Gen Z, social media helping fuel spiritual tourism in India | Tourism

Varanasi, India – In India, some members of Generation Z prefer temples over nightclubs.

Shivam Dwivedi, a native of Prayagraj district in the northern Indian state of Uttar Pradesh, prays at a neighbourhood temple at least twice a week.

The 19-year-old and his friends have shunned trips to beach and party destinations popular with this age group. Instead, Dwivedi and his friends Saurabh Shukla, 21, and Anand Dwivedi, 20, prefer to visit important Hindu shrines, some in remote corners of the country.

The friends, who are studying engineering, told Al Jazeera they get mental peace and find a “source of energy” on their trips to religious places.

“We feel a connect with the divine. … There is a source of energy that flows inside us that gives us mental peace as pressure of education and career building often becomes too hectic to handle,” Shukla told Al Jazeera while standing in line outside Kashi Vishwanath Temple in the holy city of Varanasi in Uttar Pradesh.

Parties and a dazzling nightlife do not attract them, Shivam Dwivedi added. “We have never planned a visit to Goa and other such places where people go just for raging parties, casinos and nightlife. We want peace and positivity that is available in religious places and in nature,” he explained.

Faith-based holidays make up 60 percent of India’s domestic tourism, according to a March report by the real estate consultancy CBRE South Asia Pvt Ltd.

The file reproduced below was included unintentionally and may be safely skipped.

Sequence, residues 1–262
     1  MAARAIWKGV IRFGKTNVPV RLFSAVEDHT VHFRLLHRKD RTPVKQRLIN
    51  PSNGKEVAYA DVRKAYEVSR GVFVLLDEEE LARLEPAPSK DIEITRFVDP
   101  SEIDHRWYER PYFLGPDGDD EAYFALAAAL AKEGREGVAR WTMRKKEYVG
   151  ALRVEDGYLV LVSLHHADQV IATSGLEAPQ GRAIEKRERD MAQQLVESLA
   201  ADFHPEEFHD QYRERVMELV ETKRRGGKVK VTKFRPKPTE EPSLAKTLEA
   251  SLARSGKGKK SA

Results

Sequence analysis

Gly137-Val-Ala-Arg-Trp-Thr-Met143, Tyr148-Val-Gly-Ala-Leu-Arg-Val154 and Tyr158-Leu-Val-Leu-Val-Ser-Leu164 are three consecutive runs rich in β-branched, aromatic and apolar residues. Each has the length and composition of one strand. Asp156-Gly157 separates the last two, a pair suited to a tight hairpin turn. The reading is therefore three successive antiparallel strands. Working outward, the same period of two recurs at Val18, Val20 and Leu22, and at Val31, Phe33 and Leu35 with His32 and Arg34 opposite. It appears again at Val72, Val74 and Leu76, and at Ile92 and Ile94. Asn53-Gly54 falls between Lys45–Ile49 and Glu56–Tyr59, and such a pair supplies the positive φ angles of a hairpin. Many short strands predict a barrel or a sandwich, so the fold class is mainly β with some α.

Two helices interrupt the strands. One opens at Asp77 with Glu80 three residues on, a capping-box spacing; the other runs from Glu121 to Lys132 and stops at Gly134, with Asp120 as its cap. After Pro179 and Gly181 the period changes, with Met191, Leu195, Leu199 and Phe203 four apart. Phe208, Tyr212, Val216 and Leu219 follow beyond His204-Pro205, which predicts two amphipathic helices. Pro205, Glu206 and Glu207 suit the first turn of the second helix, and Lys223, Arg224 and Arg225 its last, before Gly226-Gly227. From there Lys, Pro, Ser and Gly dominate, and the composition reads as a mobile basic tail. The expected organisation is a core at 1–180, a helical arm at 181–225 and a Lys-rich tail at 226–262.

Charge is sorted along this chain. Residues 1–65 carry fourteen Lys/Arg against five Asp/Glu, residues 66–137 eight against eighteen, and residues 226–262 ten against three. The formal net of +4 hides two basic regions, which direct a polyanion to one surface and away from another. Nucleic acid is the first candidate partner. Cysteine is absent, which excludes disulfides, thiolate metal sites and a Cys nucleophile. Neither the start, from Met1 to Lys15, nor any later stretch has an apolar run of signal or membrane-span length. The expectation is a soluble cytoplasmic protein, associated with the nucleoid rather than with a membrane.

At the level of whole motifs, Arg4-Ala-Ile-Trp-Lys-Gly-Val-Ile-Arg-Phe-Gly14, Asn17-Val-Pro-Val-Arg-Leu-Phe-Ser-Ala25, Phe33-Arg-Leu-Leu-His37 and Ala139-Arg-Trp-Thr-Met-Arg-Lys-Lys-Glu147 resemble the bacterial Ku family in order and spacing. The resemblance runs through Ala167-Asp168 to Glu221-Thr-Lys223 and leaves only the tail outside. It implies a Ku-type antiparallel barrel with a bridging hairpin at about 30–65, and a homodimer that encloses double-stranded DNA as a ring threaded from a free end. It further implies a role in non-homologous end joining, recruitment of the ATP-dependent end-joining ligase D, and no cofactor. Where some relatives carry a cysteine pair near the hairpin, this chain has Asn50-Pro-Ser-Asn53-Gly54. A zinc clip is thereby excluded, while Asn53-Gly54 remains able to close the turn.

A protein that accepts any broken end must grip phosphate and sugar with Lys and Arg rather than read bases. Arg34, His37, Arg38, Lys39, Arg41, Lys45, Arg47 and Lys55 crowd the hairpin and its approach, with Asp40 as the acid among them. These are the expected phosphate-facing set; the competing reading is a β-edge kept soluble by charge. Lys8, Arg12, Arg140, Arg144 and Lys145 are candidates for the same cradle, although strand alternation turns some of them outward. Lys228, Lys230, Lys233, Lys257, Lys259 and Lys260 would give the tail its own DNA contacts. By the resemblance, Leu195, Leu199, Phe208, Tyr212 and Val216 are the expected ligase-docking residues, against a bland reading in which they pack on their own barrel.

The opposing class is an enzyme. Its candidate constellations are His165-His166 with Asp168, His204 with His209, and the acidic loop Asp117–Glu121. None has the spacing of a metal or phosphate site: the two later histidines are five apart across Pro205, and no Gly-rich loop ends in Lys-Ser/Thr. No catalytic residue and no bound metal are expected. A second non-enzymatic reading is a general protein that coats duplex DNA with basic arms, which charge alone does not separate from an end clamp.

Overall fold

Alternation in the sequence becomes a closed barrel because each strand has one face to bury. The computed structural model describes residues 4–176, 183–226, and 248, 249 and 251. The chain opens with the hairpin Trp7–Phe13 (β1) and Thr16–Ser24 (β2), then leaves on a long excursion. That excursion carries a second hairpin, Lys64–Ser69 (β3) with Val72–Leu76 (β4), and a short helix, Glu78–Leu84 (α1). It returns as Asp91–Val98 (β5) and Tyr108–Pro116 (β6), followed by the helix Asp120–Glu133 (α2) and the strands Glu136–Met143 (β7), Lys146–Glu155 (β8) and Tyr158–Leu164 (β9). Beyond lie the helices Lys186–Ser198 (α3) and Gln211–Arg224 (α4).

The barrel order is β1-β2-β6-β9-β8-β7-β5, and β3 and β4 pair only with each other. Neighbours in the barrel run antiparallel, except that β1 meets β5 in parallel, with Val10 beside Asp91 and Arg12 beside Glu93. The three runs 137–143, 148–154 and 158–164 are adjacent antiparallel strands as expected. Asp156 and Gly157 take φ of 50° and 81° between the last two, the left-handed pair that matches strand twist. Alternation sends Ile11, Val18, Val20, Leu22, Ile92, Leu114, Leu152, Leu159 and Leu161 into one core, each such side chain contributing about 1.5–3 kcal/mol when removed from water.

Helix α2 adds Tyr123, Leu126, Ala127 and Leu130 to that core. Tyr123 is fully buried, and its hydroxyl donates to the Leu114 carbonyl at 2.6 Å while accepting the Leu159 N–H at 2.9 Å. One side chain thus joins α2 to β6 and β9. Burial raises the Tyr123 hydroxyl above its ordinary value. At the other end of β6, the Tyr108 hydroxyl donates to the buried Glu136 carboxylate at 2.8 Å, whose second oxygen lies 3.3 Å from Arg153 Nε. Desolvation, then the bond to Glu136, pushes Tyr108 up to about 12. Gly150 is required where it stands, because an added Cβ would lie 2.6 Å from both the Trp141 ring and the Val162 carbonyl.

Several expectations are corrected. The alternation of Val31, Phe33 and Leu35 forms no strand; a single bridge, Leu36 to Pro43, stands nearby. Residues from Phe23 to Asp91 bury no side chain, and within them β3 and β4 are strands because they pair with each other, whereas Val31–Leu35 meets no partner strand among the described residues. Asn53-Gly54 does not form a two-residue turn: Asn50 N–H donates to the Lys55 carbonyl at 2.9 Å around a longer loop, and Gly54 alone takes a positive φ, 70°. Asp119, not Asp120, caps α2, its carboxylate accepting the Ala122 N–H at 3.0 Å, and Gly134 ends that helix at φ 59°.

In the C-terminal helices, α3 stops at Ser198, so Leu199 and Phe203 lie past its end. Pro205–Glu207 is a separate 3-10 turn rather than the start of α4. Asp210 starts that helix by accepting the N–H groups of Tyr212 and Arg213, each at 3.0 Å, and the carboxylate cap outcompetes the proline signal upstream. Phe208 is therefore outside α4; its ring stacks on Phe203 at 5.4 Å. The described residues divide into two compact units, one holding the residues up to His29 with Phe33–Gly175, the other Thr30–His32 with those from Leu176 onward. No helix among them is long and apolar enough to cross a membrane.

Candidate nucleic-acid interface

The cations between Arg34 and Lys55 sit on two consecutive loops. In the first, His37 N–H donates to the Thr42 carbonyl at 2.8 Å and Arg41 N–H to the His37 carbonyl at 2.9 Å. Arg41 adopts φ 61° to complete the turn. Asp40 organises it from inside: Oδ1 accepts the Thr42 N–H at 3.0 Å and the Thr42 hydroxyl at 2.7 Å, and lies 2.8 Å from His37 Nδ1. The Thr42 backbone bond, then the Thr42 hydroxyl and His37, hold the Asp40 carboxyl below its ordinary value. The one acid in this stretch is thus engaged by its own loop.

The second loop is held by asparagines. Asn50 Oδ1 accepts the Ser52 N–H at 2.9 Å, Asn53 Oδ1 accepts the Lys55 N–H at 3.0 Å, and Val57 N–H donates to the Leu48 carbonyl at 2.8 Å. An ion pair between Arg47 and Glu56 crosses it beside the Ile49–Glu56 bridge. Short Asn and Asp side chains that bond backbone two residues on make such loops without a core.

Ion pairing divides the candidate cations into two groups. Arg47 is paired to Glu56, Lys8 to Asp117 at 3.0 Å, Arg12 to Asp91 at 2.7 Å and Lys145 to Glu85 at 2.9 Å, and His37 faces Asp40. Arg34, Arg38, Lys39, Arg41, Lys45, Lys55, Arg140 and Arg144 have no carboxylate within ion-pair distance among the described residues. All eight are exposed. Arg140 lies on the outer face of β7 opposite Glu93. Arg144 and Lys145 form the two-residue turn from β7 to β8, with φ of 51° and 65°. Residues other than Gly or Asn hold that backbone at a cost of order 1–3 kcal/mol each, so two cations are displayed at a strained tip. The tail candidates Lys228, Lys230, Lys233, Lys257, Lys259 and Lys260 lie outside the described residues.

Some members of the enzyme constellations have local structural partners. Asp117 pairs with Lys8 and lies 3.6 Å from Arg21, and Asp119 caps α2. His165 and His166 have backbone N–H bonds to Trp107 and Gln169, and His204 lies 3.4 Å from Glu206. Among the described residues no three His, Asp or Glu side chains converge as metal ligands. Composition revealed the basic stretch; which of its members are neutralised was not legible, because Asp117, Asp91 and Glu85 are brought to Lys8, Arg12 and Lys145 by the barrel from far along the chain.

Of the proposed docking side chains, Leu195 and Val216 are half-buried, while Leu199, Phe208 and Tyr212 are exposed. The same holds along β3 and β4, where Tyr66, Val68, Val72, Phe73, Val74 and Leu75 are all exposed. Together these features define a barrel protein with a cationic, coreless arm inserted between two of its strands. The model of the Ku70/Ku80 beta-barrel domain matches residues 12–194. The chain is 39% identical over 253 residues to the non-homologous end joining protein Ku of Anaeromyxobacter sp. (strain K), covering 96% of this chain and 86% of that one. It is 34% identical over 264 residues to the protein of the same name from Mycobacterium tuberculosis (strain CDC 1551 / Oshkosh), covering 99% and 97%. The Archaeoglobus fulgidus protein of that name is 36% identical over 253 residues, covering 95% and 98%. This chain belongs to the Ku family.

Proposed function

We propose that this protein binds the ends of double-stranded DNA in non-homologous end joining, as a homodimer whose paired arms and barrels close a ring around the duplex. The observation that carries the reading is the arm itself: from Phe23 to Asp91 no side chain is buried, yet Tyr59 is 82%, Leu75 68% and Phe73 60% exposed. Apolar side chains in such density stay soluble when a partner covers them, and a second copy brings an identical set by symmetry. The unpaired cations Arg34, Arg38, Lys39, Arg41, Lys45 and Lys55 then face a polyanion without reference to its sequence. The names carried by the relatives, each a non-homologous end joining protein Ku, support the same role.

The industry is estimated to grow at a compounded annual rate of 16.2 percent and is likely to reach $4.6bn in size by 2033, according to the report.

Some of that business is being driven by members of Gen Z (those born between 1997 and 2012).

The consecration of the Ram temple in Ayodhya in January and coverage of the event in social and news media have helped fuel interest.

These college students prefer religious holidays over party spots in India
Anand Dwivedi, Saurabh Shukla and Shivam Dwivedi prefer trips to religious places over party spots [Gurvinder Singh/Al Jazeera]

Giresh Vasudev Kulkarni, founder of Temple Connect, a company that provides information on Hindu temples to global pilgrims, said the widespread use of social media coupled with curiosity among young people has helped lead to an increase in spiritual tourism in the country.

“The young generation is completely hooked to social media where people are creating content by reaching even those places which were considered far off and remote till a few years ago. Such contents when posted on YouTube and other social media platforms generate curiosity among people, especially youths to visit there for making similar content or to offer prayers,” Kulkarni explained.

Santosh Singh, founder of Spiritual Tour, a Varanasi-based company that offers tours to religious places, pointed out that the inauguration of the Ram temple in Ayodhya was a major breakthrough in the rise of spiritual tourism.

New roads connecting Varanasi and Ayodhya, both cities in Uttar Pradesh, have cut travel time down to four hours from six, he said.

Pilgrims have also been tacking on a trip to Sarnath, about 10km (6 miles) northeast of Varanasi. It is considered the place where Gautama Buddha gave his first sermon after attaining enlightenment.

“Since January, we are witnessing 60 to 70 percent growth in business,” Singh told Al Jazeera. “Earlier, there used to be an off season between April to September, but now there is a massive rush, and even 2,000 odd hotels in Varanasi are finding it difficult to accommodate the surge in crowds,” Singh said.